up pgh

Gen 6: Introduces Mega Evolutions, a way for older pokemon to receive a possibly much needed power boost. About half of the pokemon with mega evolutions are (originally) from Kanto.

Gen 7: Introduces regional variants, a way for older pokemon to receive a possibly much needed power boost. All of the pokemon with regional variants are from Kanto.

Gen 8: Introduces Power Equipment, a way for older pokemon to receive a possibly much needed power boost. 99% of the pokemon with power equipment are from Kanto. (The 1% is just a new legendary that’s linked to Power Equipment.)

… etc etc

Gen 23: Introduces Death Laser 5000, a way for older pokemon to receive a possibly much needed power boost. All of the pokemon that can use Death Laser 5000 are from Kanto.

I picked one of these up at the Level Up Studios booth at Pgh Comicon and now I have a BLU Scout c:

These things are adorable! And has anyone taken a look at what is on the box? “Beware of back injury when lifting” (because the box is designed to look like a crate haha) and a “Do not feed” sign with Pyro? Pyro, what have you done?

I have always wanted to meet a patient with Down’s syndrome in Pedia. 

The boy had flat nasal bridge, slanted palpebral fissures, a flat back, small hands for his age and most notably- a delay in the skills a boy in his age must already have.

At 6 years old, he can only speak three words: mama, papa, and ayaw. These three words are the only words he used to verbally express his thoughts. When his words failed him, he relied on sound and body movements as expressions of his inner being.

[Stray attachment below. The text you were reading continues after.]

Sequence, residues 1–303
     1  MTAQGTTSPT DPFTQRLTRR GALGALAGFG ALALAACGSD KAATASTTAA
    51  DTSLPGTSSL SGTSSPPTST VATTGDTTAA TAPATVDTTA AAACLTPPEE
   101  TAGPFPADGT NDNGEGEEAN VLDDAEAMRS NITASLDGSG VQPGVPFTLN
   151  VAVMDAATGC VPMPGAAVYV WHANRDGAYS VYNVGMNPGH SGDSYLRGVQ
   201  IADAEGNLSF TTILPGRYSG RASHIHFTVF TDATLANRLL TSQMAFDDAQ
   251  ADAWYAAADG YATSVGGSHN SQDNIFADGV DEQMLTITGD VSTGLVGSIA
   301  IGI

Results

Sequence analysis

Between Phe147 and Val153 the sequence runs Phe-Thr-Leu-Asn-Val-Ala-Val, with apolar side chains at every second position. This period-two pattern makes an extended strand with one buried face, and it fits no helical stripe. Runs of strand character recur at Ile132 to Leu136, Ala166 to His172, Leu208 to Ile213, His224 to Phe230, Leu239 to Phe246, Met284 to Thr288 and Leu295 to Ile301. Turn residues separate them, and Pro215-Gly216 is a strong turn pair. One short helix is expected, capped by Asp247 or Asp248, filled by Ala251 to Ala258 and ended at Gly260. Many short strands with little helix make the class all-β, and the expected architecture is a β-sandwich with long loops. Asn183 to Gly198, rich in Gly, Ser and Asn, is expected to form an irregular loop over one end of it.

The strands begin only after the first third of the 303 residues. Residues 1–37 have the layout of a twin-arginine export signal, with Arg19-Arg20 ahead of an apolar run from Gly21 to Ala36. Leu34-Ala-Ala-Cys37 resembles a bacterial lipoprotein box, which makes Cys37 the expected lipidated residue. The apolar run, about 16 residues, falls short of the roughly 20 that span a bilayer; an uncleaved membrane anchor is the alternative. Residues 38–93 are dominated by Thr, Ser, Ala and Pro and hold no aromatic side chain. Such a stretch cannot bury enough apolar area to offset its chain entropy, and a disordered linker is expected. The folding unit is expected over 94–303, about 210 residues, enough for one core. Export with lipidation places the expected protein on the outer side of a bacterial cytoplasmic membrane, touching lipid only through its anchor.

What moved me was the grandmother who took care of him. I remember another patient we saw who had a similar condition. The other child was rather hostile, in sharp contrast to this well-behaved child we saw. 

The boy has his own share of stories. He got lost in Binondo for hours after being abducted by some unknown men and left him at another place. Good thing, there were some good souls who notified his lola. Thanks to the posters she printed and posted on the streets. Thankfully, this little boy loved taking pictures of himself so they were able to include photos of him in the posters.

I simply admire the grandmother for her time and effort. My hat’s off to her. 

The boy is a living reminder that people with developmental disorders can live normal lives, through rehab and by living in an environment who make these special people feel really special. As a reminder, there is always hope.  

Clerkship in 10 minutes

Day 1: My first duty at the OPD Minor OR. Just fixed some specimens after biopsy and sat the rest of the time. I thought my day was over. But in the afternoon, I was asked to see a patient at the OPD, a probable malignancy. In the evening, I saw another patient, this time at the wards, a case of oral cancer. 

Day 2: Happy independence day. Went home to QC, via a bus (dissuading my mom who wants to pick me up). Then, went back to Manila to unload stuff and then met some friends. Late evening, I saw a couple of classmates roaming around the hospital. Saw another patient, this time, a pedia patient with cleft lip palate. My day ended at around 11 PM. :)